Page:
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How About Windows?

I don’t know how to use Athena. I don’t understand Linux, Unix, Sun Solaris, SGI IRIX, and Red Hat and can’t explain the differences between them. I don’t take advantage of MIT’s “superior” computing facilities, and I’m not alone. I’ve heard MIT described as having one of the “most wired” campuses in the world, yet I can’t print a file, write an essay, transfer files, or even read and send e-mail without learning an entire new language.

I will immediately concede that Unix is probably more powerful and more useful than Windows for certain tasks once you are forced to learn how to use it for some class. For this reason having some (or even most) clusters be Unix-based is essential. But the 95 percent of us who came here using Windows are not even given a more familiar option. I honestly believe that MIT does its students a great injustice by “forcing” them to learn how to use Unix if they want to utilize the MIT’s “fantastic” computing resources for which they pay top dollar.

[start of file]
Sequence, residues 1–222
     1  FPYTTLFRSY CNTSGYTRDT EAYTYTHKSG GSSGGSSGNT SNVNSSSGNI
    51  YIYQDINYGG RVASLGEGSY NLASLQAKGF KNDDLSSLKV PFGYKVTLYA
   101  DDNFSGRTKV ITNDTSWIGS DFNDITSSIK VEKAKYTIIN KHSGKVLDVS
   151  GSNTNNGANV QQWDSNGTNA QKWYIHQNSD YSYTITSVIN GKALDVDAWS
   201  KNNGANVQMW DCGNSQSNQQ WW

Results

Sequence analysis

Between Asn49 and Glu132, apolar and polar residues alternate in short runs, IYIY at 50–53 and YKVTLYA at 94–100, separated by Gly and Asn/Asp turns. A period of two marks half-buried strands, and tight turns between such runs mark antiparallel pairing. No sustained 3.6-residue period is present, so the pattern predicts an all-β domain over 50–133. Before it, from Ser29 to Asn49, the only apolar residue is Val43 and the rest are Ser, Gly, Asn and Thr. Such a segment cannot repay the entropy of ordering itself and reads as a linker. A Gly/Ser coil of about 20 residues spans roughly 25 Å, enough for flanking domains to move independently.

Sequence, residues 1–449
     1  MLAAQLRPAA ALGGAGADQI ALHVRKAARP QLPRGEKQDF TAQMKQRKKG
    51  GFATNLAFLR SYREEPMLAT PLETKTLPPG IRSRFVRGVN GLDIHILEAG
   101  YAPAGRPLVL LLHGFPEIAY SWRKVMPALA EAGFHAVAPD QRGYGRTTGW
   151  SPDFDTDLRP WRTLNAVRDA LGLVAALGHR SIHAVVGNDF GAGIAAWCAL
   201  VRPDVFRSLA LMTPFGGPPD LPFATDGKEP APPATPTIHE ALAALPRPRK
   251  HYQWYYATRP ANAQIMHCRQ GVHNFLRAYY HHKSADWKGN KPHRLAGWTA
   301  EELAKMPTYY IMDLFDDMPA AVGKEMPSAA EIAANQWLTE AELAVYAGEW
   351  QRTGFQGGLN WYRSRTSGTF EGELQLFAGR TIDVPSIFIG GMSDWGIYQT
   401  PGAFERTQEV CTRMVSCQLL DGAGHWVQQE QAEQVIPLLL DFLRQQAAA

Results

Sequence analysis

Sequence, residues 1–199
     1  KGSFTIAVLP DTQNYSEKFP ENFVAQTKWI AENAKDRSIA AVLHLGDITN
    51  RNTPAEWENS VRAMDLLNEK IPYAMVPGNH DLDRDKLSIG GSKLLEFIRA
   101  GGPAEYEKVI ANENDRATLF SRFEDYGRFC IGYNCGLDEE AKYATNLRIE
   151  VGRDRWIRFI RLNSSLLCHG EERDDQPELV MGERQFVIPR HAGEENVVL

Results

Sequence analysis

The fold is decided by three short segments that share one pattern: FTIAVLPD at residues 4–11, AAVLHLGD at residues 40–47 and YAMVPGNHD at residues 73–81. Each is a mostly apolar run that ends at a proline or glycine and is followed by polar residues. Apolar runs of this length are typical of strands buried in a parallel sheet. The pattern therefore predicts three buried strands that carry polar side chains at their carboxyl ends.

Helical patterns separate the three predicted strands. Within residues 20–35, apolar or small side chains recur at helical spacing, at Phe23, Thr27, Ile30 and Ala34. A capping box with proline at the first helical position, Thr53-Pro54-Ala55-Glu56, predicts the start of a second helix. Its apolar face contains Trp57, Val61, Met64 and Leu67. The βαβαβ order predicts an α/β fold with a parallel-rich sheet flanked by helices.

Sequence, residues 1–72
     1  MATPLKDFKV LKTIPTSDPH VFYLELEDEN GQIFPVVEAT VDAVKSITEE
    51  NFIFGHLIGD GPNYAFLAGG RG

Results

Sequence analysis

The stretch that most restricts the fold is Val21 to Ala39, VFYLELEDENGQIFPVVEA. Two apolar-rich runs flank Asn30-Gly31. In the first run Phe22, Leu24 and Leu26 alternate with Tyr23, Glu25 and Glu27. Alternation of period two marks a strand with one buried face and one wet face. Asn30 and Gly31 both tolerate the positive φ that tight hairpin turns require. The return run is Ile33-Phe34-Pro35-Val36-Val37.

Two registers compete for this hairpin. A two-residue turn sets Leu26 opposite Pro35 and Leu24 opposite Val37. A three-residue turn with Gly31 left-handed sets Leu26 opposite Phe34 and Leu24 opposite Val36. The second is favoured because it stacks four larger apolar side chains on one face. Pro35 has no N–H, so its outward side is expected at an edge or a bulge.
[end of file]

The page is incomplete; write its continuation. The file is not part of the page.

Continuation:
What if all rental car agencies in Boston switched to 100 percent manual transmission cars? After all, some people like stick better, and stick shifting is essential for high performance driving. However, everyone who grew up driving automatic would have to learn to drive stick just to cruise around the block. So the result? Only some would be able to rent cars. Those that could wouldn’t even need to purchase their own cars, but those that weren’t planning on driving race cars would be stuck.

For some, it’s easy, interesting, and extremely useful to learn Unix. But after attending mini-courses, asking friends, and reading pamphlets, my biology-oriented mind is not easily making the transition. Ultimately, I don’t care because I know that after MIT, I’ll never need to use anything but Windows. Although many MIT graduates will need to know how to program in other languages, many will never again use “inc” or “rmm.”

I heard that over IAP some Windows clusters were being tested out. What happened to them? Why can’t there be at least a few computers on campus where the rest of us can print a file or write a paper like we could at every other college in the country?

Jesse S. Boehm ’01